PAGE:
Other nations developed strategies during SARS and MERS that are paying off now. We learned nothing from their experience and are not using their solutions as models for how to solve this problem.

6. National identity.

[Features of language, culture, and history that make a nation unique, contribute to national pride, and that the nation’s citizens view themselves as sharing.]

Our national identity as the young, independent rebel who spits in the face of tradition and goes our own way is not serving us well now. One antivaxx idiot was even quoted as saying that, when a vaccine is developed, her children will be vaccinated over her dead body. Well, probably, yes. You will die from Corona Virus and your kids will then be vaccinated.

7. Honest national self-appraisal.

Oh please. Politicians, the media, they all have their slant. Citizens either fall into righteous indignation or check out entirely, exhausted by the whole thing, which makes at least one side happier. In the era where the news we disagree with is called Fake News, there is no room for honest self-appraisal.

8. Historical experience of previous national crises.

This one is interesting. One of the fascinating things about the 1918 flu is how little impact it made on the historical record, both in the news, in family oral traditions. Until recently, it was a huge blind spot in our history. If you look more recently, at 9/11, we treated that crisis very differently and then forgot what made us strong and successful in that response, possibly because the immediate domestic response was quickly followed by a botched international response – going it alone, pursuing phantoms – and then a domestic splintering into partisanship.

9. Dealing with national failure. [and ability to explore other solutions if first solution fails]

What, failure, US? We do not deal well with failure (“Mission Accomplished”) – we tend to hold on to failed strategies long after it has become clear that it is not working. Korea. Vietnam. Afghanistan. Healthcare. The two-party system. And now we’re being led by someone who refuses to admit failure at anything, denying the news, denying his own words on film, and with the power and influence to make marginalized OWGs follow him blindly.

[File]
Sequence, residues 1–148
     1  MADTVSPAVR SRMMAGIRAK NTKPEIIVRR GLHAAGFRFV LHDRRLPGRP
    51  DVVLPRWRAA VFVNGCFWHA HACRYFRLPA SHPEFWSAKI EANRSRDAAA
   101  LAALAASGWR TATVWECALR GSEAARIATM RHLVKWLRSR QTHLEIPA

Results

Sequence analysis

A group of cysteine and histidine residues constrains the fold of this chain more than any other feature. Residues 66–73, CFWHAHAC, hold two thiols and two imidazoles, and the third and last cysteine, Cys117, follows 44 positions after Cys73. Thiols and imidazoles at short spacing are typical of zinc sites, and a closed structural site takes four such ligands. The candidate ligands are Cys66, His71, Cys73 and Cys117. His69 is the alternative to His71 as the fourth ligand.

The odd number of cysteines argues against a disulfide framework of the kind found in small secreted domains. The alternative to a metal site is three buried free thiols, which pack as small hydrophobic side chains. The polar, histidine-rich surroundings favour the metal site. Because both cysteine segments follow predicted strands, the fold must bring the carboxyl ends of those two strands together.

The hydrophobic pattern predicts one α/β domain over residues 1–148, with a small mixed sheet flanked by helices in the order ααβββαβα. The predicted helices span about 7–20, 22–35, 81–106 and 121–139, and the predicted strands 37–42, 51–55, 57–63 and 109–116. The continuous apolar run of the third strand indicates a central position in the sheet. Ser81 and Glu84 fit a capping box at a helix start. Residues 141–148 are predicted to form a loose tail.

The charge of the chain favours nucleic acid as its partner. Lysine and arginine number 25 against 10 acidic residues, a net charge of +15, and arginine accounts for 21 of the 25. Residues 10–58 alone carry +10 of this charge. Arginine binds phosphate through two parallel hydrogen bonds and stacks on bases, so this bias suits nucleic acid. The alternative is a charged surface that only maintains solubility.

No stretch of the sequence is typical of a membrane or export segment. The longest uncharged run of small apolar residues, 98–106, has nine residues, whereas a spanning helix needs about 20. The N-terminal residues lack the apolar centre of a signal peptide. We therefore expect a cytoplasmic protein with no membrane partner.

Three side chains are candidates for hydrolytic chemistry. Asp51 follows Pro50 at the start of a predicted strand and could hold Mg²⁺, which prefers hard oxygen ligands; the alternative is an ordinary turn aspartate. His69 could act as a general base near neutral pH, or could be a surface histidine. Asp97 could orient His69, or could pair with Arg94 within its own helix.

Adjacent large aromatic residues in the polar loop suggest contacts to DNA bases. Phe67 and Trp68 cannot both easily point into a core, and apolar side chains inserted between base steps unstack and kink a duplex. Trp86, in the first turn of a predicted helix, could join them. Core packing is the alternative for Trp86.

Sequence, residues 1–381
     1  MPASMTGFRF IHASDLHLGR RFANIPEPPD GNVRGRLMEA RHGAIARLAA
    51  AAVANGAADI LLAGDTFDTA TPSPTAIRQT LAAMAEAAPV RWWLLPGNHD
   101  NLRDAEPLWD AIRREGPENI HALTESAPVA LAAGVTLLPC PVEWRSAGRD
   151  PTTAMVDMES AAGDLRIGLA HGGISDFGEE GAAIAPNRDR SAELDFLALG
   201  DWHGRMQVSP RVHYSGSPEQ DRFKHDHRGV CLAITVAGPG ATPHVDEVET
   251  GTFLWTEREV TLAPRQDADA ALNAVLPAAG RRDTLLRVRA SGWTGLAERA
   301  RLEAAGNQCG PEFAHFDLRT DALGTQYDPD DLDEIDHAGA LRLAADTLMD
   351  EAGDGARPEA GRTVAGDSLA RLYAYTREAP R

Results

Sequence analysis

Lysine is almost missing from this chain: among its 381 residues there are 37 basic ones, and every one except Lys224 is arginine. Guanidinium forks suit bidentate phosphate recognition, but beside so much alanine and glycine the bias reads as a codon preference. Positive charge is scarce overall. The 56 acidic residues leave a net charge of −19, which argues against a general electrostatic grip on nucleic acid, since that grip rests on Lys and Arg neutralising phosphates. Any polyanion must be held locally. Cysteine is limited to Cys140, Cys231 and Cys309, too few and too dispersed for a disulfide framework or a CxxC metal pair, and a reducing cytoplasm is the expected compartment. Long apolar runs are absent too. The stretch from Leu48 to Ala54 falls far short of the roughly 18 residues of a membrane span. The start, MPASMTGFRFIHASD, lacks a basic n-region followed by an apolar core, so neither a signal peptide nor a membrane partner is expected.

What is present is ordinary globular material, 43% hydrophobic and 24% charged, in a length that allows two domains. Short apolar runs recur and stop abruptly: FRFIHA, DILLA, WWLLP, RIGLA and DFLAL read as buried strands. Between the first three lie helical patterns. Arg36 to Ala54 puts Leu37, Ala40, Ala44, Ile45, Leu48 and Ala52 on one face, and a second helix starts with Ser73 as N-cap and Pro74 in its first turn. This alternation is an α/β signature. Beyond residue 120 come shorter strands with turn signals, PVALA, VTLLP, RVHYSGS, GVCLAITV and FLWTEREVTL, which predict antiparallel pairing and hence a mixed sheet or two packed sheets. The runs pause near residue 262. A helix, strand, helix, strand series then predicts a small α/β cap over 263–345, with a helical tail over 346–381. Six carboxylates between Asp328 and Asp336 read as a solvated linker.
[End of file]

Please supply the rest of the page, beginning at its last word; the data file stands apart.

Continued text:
10. Situation-specific national flexibility.

[The ability to be extraordinarily flexible, in areas where one is usually rigid, in specific situations to solve a problem.]

Eh, “B”. We’ve managed to be flexible in putting aside our relentless capitalism in lieu of safety. But we continue to protect the right to sell guns – I am not sorry to say that gun shops, really not essential businesses – or to bus people in to worship in megachurches, then bus them back out to their communities to spread virus.

11. National core values.

The principle value of America is freedom. We’ve taken free will to a ridiculous level, fighting seat belts, vaccines, reasonable gun laws, those jerks who picket funerals, and allowing the Kardashians. And now some people believe that they have a right to hold Coronavirus parties, film themselves coughing on vegetables in grocery stores, congregate on the beach.

It is important to maintain your core values. Freedom is essential, it’s what sets us apart from Russia and China, from North Korea. But we have to use common sense and shouting fire in a crowded theatre is not an expression of freedom.

12. Freedom from geopolitical constraints.

Our country shares few borders with other countries. But we didn’t begin to monitor the health of international travelers during the peak spread, when hundreds of people per day were coming through international airports from infected areas. Also, we are dependent on national and international supply chains that could soon affect our ability to get what we need to continue to supply our hospitals and homes. Just a few years ago, the LA port went on strike, which impacted the movement of goods and services in ways that may not have been visible to you but were highly visible to retailers. We’re starting to hear rumbles about reductions in global shipping capacity (Google it for details) and truckers – who have been increasingly disillusioned with their professions over the last 10 years – are complaining that they are experiencing long lines and traffic when dropping off their loads, and trucking costs are increasing. So the very thing that makes us strong, can also be a risk for us.

* * *

What do you think? Clearly I’ve been pretty negative in this assessment. I’m a little angry, I have to say, a little frustrated. My natural abilities for organization leave me impatient with situations which calls for organization and don’t receive it.

I love living in the US, I love America. And it doesn’t make me unamerican to see clearly what we need to work around, what we need to address in order to avoid such problems in the future.

So what do you think? How can these things make us stronger instead of weaker in this situation?